By: Kamran Saifullah
There will be times when you will keep hearing about The Crown Jewels and The Pyramid of Pain. These two are very important when it comes to Cyber Security.
In today’s world, all we are trying is to secure our critical assets (Mission Critical Assets). These are the assets which drive an organization and without which one organization will never stand on its feet. Also, if these are breached, the organization as a whole will be destroyed because only due to these assets, one organization handling its customer’s requests as well as their customer data which is indeed the most critical asset to one organization.
Due to this reason, it is really important to protect the crown jewels. In order to ease the process of finding your critical assets, all you need is the complete “Asset Inventory” which in most cases is never maintained. If it is maintained most of your work has already been done and if not the responsible department (IT) will have to get it done and a copy will be shared with the Information Security Team.
Once all the organization’s assets are covered, you can perform the BIA (Business Impact Analysis), Calculate the Asset Value, or by performing the Risk Assessment of the assets. This will yield out the Crown Jewels and Mission Critical Assets.
Why are we doing this? It is all because we have to protect these assets from adversaries, internal and external threats etc. Thus, the security of these crown jewels is required to be ensured and it can be done by doing the following.
- Identify the Mission Critical Assets → We have done it already!
- Identify the Adversarial Threats to these Mission Critical Assets → To ensure what adversaries are looking for!
- Identify the most appropriate Security Precautions, Policies, Procedures, and Guidelines to be implemented in order to ensure these Mission Critical Assets (MCAs).
- Finally, we need to monitor the actions we have taken (Monitoring) and to perform an ongoing Threat Hunting to keep on hunting the adversaries.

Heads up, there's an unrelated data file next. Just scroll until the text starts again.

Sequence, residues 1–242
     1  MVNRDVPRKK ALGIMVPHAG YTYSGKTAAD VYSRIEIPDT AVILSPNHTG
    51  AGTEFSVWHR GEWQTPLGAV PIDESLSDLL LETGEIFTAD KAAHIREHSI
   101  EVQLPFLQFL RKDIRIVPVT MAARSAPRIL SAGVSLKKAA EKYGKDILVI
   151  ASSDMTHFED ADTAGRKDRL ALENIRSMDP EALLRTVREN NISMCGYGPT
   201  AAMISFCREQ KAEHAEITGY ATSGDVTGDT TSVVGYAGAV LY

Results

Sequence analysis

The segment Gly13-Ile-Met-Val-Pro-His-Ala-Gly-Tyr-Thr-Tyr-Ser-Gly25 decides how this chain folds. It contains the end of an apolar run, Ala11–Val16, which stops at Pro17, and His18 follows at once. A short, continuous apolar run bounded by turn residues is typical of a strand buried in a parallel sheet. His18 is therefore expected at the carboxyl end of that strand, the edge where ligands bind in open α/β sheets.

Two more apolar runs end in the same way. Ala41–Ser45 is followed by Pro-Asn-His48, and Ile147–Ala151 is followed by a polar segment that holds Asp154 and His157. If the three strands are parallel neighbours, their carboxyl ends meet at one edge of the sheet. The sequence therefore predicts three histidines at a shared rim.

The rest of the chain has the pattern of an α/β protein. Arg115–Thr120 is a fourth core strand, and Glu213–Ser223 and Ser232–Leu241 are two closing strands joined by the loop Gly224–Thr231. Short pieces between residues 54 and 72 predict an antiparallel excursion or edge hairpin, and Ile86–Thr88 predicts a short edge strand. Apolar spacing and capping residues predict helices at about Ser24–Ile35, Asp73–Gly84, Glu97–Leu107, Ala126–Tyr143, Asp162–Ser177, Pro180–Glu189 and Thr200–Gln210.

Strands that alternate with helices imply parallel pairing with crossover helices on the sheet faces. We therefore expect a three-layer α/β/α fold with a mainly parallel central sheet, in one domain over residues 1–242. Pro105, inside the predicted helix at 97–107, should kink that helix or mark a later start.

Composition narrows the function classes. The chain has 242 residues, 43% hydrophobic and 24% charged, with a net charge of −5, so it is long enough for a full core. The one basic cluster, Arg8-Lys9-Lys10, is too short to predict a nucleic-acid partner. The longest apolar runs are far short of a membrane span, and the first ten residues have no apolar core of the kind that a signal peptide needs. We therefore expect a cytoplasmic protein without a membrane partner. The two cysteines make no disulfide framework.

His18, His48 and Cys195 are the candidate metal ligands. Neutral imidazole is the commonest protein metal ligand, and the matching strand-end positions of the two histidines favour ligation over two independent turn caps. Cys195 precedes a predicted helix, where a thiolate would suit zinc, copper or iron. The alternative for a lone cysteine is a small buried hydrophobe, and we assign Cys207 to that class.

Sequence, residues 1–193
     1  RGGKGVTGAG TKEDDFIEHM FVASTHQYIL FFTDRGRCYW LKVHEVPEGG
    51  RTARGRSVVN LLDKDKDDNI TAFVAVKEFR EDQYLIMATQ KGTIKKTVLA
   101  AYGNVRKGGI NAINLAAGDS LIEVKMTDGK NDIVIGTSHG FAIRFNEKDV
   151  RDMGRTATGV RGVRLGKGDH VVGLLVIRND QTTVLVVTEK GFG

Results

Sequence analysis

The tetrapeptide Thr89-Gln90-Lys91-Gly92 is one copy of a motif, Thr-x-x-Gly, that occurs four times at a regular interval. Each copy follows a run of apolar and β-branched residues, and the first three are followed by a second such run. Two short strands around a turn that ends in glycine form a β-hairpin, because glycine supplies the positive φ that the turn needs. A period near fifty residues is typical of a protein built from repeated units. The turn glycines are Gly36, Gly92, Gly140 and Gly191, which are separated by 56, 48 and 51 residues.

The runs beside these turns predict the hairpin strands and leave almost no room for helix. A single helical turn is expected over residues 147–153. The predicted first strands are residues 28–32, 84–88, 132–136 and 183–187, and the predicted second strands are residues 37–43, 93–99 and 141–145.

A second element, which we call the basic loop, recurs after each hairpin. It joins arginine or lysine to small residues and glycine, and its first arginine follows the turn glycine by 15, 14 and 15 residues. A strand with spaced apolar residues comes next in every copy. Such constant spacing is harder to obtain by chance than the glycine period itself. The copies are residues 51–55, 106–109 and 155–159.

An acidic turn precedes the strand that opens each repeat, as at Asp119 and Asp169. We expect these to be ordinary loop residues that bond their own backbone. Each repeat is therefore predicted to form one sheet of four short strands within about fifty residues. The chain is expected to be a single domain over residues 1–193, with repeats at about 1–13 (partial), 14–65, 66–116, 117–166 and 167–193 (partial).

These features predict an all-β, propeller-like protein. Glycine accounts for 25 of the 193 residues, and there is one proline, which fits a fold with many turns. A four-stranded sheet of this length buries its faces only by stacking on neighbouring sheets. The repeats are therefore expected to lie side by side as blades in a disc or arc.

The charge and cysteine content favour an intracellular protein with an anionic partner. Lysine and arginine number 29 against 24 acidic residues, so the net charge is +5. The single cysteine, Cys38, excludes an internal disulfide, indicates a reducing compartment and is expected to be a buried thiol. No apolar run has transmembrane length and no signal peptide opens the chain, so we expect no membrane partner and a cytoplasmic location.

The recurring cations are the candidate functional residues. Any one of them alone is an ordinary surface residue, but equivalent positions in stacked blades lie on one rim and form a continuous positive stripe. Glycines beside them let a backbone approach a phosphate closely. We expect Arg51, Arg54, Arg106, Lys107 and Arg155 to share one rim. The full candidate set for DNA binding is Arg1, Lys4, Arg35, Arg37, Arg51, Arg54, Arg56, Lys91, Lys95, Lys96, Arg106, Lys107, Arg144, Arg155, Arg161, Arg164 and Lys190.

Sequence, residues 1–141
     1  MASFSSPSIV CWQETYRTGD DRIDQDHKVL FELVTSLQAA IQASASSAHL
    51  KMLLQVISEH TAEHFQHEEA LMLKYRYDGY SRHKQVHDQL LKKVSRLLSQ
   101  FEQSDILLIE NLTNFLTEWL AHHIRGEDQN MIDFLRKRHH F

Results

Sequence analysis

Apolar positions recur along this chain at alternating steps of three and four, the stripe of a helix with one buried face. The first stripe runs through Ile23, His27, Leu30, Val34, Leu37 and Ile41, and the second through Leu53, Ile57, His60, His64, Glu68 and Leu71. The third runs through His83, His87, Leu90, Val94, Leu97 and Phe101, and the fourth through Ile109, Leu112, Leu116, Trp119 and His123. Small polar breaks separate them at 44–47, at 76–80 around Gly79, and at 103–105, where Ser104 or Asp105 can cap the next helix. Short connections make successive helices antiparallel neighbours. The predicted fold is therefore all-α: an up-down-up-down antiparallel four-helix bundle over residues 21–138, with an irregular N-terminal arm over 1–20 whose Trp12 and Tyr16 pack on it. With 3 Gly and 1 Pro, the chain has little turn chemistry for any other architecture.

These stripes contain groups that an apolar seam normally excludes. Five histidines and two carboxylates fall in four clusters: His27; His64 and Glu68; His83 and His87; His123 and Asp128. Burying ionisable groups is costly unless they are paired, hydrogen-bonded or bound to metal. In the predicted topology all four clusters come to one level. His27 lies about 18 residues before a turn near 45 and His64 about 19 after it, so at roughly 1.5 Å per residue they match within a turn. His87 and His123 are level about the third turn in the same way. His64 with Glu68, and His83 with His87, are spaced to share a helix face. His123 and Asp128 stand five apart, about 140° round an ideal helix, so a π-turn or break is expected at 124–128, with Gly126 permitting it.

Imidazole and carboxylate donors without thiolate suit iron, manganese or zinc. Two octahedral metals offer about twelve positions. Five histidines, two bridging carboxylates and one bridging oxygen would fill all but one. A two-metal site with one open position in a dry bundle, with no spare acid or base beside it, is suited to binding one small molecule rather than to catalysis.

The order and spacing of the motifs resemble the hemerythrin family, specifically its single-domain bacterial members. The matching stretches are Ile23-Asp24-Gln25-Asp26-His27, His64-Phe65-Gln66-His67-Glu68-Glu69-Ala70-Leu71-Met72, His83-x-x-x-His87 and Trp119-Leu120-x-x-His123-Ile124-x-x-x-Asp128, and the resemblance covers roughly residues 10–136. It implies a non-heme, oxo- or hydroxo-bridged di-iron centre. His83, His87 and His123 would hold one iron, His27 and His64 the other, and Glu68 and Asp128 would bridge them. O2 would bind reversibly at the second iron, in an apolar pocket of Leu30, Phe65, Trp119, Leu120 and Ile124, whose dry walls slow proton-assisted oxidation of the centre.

David Bianco introduced the Pyramid of Pain back in 2013 in which he emphasized the IOCs (Indicator of Compromise) importance. He mentioned that these IOCs will always have value for the attackers who are trying to compromise the organizations.
The Pyramid of Pain can be understood by two different aspects.
Malware, Ransomware, Exploit Kits, Root-Kits and everything else is being developed by the attackers. This is all to ensure their software’s/programs remain hidden. The main reason is that APTs always want to remain hidden in the organization’s network for a long. This will help them evade themselves and will allow them to take as much information as required.
Research has been performed on these APT groups, MITRE has come up with the TTPs (Tactics, Techniques and Procedures). These are the known techniques of the known APT Groups. FireEye, KasperSky, Symantec, Mandiant and many other organizations are publishing their reports which cover a detailed analysis of the adversaries’ TTPs.
For the attackers, this is daunting and a nightmare all because threat intelligence feeds are now being shared around the globe and all known threats will raise an alert and suspicion which will eventually lead security teams to catch these adversaries. So, for the attackers, the Pyramid of Pain, adds a pain value on 6 levels. They will have to come up with something which will never get caught.
Defenders are collecting the Threat Intelligence feeds around the globe, SOC is monitoring the threats, and Red Teams are performing the Breach and Attack Simulations. This is all due to the need for security and is clear that attackers will be coming in someday/sometime.
The Pyramid of Pain provides a way forward and the best approach to be followed in order to hunt down the adversaries.